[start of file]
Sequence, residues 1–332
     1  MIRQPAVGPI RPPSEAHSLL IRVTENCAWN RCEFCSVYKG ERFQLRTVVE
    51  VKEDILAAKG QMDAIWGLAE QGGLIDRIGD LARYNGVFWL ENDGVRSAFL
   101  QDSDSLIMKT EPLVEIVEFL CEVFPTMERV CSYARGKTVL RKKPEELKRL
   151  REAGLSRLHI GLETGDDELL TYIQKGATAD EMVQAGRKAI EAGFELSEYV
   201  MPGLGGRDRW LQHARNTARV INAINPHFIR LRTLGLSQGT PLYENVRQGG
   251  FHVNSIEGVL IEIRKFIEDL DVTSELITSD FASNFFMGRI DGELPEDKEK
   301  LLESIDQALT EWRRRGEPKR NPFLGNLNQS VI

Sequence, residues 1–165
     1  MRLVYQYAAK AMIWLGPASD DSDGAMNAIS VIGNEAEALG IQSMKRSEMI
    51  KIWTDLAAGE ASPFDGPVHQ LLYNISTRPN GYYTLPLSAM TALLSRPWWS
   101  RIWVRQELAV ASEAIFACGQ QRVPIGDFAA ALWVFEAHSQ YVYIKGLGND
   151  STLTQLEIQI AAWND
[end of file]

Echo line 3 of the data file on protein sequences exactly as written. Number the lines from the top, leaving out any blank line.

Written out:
    51  VKEDILAAKG QMDAIWGLAE QGGLIDRIGD LARYNGVFWL ENDGVRSAFL